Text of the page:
Then we headed off to get our ice cold beer...only to find that the quayside bar has been converted into a Starbucks!



February 08, 2008

New bus ticket machine at Plateia 1866

We'd known for some time that the 'posh' side of town had automated bus ticket dispensing machines. Our usual stop at Plateia 1866 completely relied on an old wooden kiosk though. Buying tickets from there is where we first got our primitive grasp of counting in Greek.

But when we got to the square last week there was a huge commotion going on at the bus stop - we were getting our own automatic machine.


I shall look forward to standing in a long queue behind bamboozled tourists during the summer...


December 03, 2007

Empty flight home

Hello. It has been a couple of months since we posted anything on 'A lemon tree of our own'. We were both very busy when we were back in London, and needed a chance to re-charge our blogging batteries - but we've been back home in Crete for a month now.

On our last day in the UK we had a major surprise day out. For our wedding anniversary I told Claire to be ready with her bags for the airport at 9am on the day before we flew, and then took her to Cambridge for the day. We went on a ghost walk of my own devising (which you can read about here and here) and then I took her to see Idlewild at the Cambridge Junction. I managed to keep it a surprise until we were literally queuing to get in, and she saw a poster and started hyper-ventilating "Oh my god are we going to see Idlewild!".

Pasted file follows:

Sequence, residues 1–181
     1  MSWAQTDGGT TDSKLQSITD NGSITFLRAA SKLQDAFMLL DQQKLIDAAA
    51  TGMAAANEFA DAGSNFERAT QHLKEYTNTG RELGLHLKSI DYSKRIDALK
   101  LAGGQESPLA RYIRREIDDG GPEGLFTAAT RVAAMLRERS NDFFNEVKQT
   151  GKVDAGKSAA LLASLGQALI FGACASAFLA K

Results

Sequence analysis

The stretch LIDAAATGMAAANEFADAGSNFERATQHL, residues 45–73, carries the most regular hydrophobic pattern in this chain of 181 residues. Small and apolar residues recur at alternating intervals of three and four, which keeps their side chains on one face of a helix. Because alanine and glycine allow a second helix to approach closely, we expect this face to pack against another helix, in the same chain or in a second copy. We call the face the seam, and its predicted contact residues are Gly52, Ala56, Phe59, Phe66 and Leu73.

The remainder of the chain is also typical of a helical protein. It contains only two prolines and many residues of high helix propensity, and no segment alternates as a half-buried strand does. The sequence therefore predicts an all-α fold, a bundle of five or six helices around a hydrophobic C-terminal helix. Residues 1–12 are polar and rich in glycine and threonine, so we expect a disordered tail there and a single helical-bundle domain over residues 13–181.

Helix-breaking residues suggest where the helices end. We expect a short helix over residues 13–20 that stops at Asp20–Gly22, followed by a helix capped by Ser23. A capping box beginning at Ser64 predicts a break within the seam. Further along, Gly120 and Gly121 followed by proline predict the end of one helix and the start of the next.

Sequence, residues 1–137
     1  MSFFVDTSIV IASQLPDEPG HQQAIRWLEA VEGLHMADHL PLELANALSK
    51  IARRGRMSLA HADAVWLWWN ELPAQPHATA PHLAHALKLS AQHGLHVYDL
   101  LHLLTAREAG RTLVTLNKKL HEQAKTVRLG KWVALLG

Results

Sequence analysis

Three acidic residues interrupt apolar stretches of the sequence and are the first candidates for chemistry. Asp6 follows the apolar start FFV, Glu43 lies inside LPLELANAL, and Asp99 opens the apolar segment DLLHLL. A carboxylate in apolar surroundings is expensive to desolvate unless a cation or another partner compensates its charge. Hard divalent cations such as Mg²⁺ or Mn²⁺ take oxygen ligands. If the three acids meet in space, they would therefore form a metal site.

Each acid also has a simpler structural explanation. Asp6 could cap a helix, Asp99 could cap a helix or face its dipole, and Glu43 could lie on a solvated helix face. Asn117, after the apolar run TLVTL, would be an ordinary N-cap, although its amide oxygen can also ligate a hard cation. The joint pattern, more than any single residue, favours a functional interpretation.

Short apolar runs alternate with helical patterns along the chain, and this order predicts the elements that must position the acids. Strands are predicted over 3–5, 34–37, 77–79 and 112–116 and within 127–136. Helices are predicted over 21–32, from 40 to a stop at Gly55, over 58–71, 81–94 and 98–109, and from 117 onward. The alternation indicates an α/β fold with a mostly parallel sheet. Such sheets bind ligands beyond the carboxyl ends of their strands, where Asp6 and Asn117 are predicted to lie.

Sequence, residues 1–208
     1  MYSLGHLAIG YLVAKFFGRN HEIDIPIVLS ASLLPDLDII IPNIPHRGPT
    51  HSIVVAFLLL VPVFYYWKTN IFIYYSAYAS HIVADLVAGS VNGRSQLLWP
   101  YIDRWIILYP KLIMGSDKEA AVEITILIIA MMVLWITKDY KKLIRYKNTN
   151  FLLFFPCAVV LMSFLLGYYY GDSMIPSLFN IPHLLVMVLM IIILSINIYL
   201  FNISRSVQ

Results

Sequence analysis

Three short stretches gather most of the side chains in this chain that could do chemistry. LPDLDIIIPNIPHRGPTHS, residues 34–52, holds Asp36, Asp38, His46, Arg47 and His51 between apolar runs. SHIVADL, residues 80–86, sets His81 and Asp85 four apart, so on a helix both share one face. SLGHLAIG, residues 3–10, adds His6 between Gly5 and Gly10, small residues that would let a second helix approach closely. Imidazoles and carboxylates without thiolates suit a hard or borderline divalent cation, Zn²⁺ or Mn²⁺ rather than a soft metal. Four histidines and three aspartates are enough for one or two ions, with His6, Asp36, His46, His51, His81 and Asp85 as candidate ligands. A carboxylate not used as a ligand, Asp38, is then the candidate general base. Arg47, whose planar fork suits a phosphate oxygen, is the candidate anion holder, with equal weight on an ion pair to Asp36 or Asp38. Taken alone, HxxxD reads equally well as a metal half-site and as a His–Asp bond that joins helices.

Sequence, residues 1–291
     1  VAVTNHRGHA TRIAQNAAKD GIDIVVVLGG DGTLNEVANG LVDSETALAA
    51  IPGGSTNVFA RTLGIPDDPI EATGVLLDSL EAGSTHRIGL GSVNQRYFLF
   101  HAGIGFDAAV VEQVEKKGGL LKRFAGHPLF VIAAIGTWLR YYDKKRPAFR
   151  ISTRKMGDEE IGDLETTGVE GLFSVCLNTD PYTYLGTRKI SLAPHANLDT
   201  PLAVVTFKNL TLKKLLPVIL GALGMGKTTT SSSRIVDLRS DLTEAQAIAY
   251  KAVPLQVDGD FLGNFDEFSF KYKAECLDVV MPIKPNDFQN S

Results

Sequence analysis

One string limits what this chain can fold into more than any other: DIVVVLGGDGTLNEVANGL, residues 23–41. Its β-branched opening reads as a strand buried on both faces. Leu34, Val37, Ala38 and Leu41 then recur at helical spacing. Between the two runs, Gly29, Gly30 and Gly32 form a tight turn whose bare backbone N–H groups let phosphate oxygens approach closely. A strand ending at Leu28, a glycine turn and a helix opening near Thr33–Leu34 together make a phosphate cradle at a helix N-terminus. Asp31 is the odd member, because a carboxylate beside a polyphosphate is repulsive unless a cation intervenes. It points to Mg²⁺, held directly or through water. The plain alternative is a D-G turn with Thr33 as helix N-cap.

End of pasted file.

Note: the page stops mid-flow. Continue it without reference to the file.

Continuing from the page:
The downside of it all was that it meant getting a coach from Cambridge City Centre at 3am in the morning to catch our flight to Heraklion. If that wasn't bad enough, whilst we were waiting I got a phone call from the nightwatchman at the hotel where we had been staying, asking me to come back and either pay or show my receipt to prove I had paid. Given that we had paid for a full night's stay and had only had the room for a couple of hours, I was less than impressed.

20071201_emptyairport The flight itself was so strange that it felt like we might have stayed in bed and still been dreaming. We got to Stansted just before 4, and were checked in and through security in about 10 minutes. I could get used to travelling at that time in the morning! Waiting in departures we had twiddle our thumbs until Starbucks opened to get a coffee, and then we made our way to our departure gate. Where we sat with the entire compliment of our flight - all 8 of us.

Now, I had a pretty empty flight back to Crete at the start of September, but nothing prepared us for this. Including the flight-deck, we must have had a one-to-one ration with the crew on the plane. It was XL's last outbound flight of the summer, and presumably it only runs in order to be in Heraklion to pick up people who had spent the October half-term break there.

We weren't complaining though. Although I did feel a bit silly about having asked for an aisle sit when we checked in. With just 8 passengers, we ended up with entire rows each, and being moved to next to the over-wing exits so we could get extra legroom.

I dread to think what it meant for our individual carbon footprint!

A lemon tree of our own